City Developments—controlled by billionaire Kwek Leng Beng and his family—has agreed to divest the Millennium Hilton Seoul and the adjoining land to South Korean asset manager IGIS Asset Management for 1.1 trillion won ($934 million).
The proposed divestment is in line with City Developments’ strategy to unlock the value of some its long-held assets, the company said in a statement. Upon completion of the transaction in February 2022, the company said it will book an exceptional gain of S$529.7 million ($388 million). Following the news, City Developments shares rose as much as 2.7% to an intraday high of S$7.18 in Singapore.
Located within walking distance of downtown Seoul, the 22-story Millennium Hilton Seoul is operated by Hilton Hotels & Resorts under management contract with City Developments unit Millennium & Copthorne Hotels (M&C). City Developments acquired the 1983 vintage hotel, comprising 680 guest rooms and 29 suites, from the Daewoo Group for $213.5 million in November 1999. It also bought the adjoining freehold land covering 1,563 square meters in 2013 for 29.5 billion won.
“Since acquiring Millennium Hilton Seoul in the late 1990s, we have steadfastly invested in the hotel, driven optimal performance and extracted good value from the property,” Kwek Leng Beng, executive chairman of City Developments and M&C, said in a statement. “We have always believed that this would be an asset that could provide tremendous value to shareholders at the right time and at a right price.”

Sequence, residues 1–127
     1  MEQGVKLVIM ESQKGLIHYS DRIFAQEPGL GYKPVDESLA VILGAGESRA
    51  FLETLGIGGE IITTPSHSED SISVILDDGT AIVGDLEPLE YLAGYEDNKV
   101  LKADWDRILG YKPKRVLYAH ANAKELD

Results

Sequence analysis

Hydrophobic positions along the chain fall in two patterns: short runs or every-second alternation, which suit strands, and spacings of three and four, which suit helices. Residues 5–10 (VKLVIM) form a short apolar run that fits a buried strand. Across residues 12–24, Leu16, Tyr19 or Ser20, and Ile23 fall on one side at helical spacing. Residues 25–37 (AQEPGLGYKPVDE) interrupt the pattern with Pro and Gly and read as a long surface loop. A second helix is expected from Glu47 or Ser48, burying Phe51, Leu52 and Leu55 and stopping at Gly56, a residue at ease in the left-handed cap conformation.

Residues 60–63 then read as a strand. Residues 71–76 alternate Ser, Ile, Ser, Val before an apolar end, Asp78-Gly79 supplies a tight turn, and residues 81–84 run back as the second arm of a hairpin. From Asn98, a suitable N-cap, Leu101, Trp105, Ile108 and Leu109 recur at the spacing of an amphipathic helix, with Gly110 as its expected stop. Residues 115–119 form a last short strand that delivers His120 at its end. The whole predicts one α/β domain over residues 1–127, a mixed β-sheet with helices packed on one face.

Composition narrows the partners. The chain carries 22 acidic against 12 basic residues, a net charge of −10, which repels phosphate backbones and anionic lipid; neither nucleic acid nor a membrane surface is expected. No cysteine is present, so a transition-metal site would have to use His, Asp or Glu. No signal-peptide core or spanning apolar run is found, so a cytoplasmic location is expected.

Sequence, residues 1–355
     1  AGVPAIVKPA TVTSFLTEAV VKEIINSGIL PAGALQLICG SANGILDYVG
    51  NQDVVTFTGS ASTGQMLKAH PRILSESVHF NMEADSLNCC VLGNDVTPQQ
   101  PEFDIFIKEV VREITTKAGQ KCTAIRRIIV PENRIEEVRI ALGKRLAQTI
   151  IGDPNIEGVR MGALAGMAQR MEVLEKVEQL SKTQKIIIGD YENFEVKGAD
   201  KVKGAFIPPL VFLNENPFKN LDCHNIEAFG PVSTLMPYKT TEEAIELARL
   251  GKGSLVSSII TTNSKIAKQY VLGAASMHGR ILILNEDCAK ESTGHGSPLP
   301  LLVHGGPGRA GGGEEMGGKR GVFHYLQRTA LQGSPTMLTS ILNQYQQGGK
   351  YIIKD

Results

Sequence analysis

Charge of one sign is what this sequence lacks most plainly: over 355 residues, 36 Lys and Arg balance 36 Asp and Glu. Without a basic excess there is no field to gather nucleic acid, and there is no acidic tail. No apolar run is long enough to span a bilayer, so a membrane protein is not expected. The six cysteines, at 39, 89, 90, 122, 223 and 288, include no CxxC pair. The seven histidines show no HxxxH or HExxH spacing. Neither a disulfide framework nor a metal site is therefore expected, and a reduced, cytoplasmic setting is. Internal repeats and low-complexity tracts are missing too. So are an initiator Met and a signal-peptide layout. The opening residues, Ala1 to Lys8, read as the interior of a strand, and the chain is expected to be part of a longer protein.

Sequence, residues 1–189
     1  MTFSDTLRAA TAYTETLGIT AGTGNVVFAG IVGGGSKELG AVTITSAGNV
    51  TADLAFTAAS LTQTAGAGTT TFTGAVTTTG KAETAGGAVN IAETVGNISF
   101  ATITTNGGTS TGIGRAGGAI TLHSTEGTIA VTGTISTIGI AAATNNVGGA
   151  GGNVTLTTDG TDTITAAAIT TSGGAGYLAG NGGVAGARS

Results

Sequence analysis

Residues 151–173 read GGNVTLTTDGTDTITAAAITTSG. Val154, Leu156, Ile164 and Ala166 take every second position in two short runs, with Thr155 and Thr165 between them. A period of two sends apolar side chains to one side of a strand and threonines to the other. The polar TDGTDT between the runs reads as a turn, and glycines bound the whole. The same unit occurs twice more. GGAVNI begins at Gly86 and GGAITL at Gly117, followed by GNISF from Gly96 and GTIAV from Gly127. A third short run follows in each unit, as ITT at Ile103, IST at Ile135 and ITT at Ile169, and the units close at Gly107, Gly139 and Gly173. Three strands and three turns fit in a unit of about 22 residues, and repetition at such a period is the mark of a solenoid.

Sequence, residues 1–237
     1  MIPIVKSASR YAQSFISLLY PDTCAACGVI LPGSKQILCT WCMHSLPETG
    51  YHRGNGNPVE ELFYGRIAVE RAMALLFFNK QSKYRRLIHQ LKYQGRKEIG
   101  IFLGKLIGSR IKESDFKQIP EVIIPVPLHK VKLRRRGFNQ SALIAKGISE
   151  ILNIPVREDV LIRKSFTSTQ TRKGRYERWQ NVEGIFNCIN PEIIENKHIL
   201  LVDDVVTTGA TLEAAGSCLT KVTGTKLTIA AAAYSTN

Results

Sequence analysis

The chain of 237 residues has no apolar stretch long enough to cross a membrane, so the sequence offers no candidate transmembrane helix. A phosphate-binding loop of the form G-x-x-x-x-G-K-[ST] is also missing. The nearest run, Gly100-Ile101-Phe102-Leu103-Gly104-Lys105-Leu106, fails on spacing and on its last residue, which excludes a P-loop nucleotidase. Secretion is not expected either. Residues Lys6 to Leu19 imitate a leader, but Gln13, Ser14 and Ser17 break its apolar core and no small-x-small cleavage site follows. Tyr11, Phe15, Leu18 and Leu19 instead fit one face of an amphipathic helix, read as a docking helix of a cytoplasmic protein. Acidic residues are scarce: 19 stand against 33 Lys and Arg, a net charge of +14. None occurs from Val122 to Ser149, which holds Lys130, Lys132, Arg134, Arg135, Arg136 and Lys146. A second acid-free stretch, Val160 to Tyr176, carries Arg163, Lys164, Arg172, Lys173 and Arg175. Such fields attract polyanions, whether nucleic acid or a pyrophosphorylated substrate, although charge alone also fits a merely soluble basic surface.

The sale of the 5-star Millennium Hilton Seoul is M&C’s biggest divestment since the company was taken private by City Developments in 2019. In recent years, the hotel giant has been offloading non-core assets in the U.S. including Millennium Hotel Cincinnati and Copthorne Hotel Birmingham, with the sale of Millennium Harvest House Boulder expected to be completed next year.
M&C owns, manages and operates over 145 hotels in 80 locations worldwide across Asia, Europe, the Middle East, New Zealand and the U.S. While the group’s hotel operations continued to be impacted by the lingering impact of the Covid-19 pandemic, Kwek remains optimistic the industry will recover as travel restrictions ease around the world.
“We remain confident of the global hospitality recovery with pent-up demand,” Kwek said. “We will continue to review and fine-tune our portfolio to accelerate the group’s growth and transformation while enhancing shareholder value.”
Kwek, 80, is also the chairman of Singapore’s Hong Leong Group, which was founded by his father in 1941. His cousin Quek Leng Chan, also a billionaire, runs a separate group in Malaysia, also called Hong Leong. With a net worth of $8.5 billion that he shares with his family, Kwek was ranked Singapore’s eighth-richest person on the list of Singapore’s 50 Richest that was published in August. His eldest son Sherman has been group CEO of City Developments since 2018.